He's got a great history on environmental issues, but is apparently against hunting and trapping.

Here's a snip from the article:

"The statement made no mention at all, though, of the nominee's sponsorship or advocacy of bills that would have prohibited the use of so-called leg hold traps and allowed counties to usurp the DEC's authority to regulate fur trapping. Nor did it cite Grannis' support for legislation that, according to critics, characterized hunting as a form of animal cruelty.

Finally, the governor's press release overlooked the award conferred on the assemblyman by the notoriously anti-hunting, anti-trapping Humane Society of the United States. "


I think it's inappropriate to put someone in charge of the agency that oversees hunting and trapping who's against it.

Oh yeah, he's also anti cell tower in the 'dacks, that's why I didn't sign the petition.

trouthunter 02-16-2007 10:37 AM

Quote:

Originally Posted by Stillhunter (Post 60609)
I suggest that folks read up and decide for themselves. This forum has people who will land on both sides based on past posting history... but then again this is the "Hunting and Fishing in the Adirondacks" forum.

Sometimes it feels like the "Anti-Hunting and Fishing in the Adirondacks Forum".

I agree. Please note he said "Anti-hunting and fishing in the Adirondacks forum" NOT Anti gun forum.

Hobbitling 02-16-2007 11:29 AM

Among his evil deeds...
Non discrimination and consumer protection laws for the health insurance industry.
Workers Compensation reform.
Tenant protection laws for renters.
The Clean Indoor Air Act (no smoking in restaurants)
Bills dealing with acid rain, clean air and water, fluorocarbons and recycling.
Chaired the Assembly's first Subcommittee on Toxic Wastes
Sponsored legislation ensuring a worker's right to know about hazardous materials in the workplace
Worked to regulate the transport, storage and disposal of toxic wastes.
Chairman of the Assembly Majority Adirondack Working Group
Other environmental interests include reducing packaging waste and bringing New York into compliance with the federal Clean Air Act.
Three-time winner of the "Legislator of the Year" from the Environmental Planning Lobby and was honored in 1992 b the Audobon Society.

coolrobc 02-16-2007 11:43 AM

Quote:

Originally Posted by hobbitling (Post 60647)
Among his evil deeds...

His evil deeds aside, do you think it's appropriate for someone who attempted to legislate against hunting and trapping, to be placed in charge of its regulation?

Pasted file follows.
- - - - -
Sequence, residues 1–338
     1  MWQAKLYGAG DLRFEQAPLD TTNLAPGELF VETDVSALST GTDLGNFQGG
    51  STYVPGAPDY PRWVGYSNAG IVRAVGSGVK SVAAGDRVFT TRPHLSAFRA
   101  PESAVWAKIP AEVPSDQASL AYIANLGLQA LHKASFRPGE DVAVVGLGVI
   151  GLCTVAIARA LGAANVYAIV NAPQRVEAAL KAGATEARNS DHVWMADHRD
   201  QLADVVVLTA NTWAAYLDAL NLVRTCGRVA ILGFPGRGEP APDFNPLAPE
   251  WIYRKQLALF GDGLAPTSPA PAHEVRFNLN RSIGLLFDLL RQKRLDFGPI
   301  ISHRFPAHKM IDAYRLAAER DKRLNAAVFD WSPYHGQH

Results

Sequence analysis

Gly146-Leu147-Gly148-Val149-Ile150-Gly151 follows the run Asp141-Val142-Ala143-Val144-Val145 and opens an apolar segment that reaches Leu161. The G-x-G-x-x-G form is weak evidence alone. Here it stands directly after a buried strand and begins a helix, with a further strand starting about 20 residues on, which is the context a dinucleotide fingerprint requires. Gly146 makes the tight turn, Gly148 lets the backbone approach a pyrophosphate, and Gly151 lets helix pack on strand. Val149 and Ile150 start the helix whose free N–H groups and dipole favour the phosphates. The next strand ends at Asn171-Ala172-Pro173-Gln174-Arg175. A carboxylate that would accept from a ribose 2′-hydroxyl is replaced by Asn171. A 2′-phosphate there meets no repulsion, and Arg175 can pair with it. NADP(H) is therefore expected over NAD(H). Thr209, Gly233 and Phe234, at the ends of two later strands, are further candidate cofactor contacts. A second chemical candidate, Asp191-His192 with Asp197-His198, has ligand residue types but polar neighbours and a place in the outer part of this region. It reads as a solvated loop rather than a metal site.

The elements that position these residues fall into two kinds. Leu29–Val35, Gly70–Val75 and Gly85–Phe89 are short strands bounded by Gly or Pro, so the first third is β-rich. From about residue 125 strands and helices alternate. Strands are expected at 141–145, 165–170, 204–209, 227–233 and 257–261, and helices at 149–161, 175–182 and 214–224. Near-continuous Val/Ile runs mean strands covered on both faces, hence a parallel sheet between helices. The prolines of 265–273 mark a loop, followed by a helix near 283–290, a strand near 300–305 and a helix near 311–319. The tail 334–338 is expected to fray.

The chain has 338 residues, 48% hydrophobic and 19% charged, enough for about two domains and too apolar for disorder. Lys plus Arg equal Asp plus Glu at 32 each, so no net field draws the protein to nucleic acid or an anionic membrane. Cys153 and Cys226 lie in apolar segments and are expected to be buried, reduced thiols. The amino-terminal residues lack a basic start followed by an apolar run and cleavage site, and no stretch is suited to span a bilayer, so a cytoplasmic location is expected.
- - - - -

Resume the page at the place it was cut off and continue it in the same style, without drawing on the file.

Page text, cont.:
redhawk 02-16-2007 12:07 PM

Quote:

Originally Posted by coolrobc (Post 60648)
His evil deeds aside, do you think it's appropriate for someone who attempted to legislate against hunting and trapping, to be placed in charge of its regulation?

Hmm, do you think it's fair that someone who legislated for hunting and trapping to be placed in charge of it's regulation, when it's only proportionate to the overall picture.

Could someone expound on what he legislated against, exactly? Did he want to ban hunting and trapping? Did he want stiffer regulations against hunting and trapping? Was his proposed legislation against hunting and trapping in all of NY State, or was it targeted against specific areas?

What's the full picture? I'm asking because I don't know and I think tat if anyone is saying this guy should not be the DEC commissioner based on legislation he proposed, then those who are making the case against him should state it, along with some references to the specific proposal and not what might be posted on internet forums, especially those that are pro gun, pro hunting.

Here's part of the problem as I see it. There are gun advocates and hunters who consider me "anti-gun" and "anti- hunter". That's not true in any way. I have nothing against those who hunt for meat and in cases where herds need to be culled. I am opposed to high powered guns that kill from a half mile away and can go far enough to injure someone. I am also opposed to semi-automatic weapons for hunting. if you can't get close enough to shoot and can't bring it down with a lever or bolt action, they you don't have the skill use the firearm, as far as I'm concerned. And if anyone asks, yes I can get lose enough to an animal and yes I could bring it down with a single shot. I'm no stranger to firearms and was quite proficient with them. I am opposed to trophy hunting. It's like someone has a nice coat or pair of sneakers and I kill them to take them. I am opposed to hunters who advocate the killing of predators or the reintroduction of them to their natural habitat because they compete with hunters for their kill.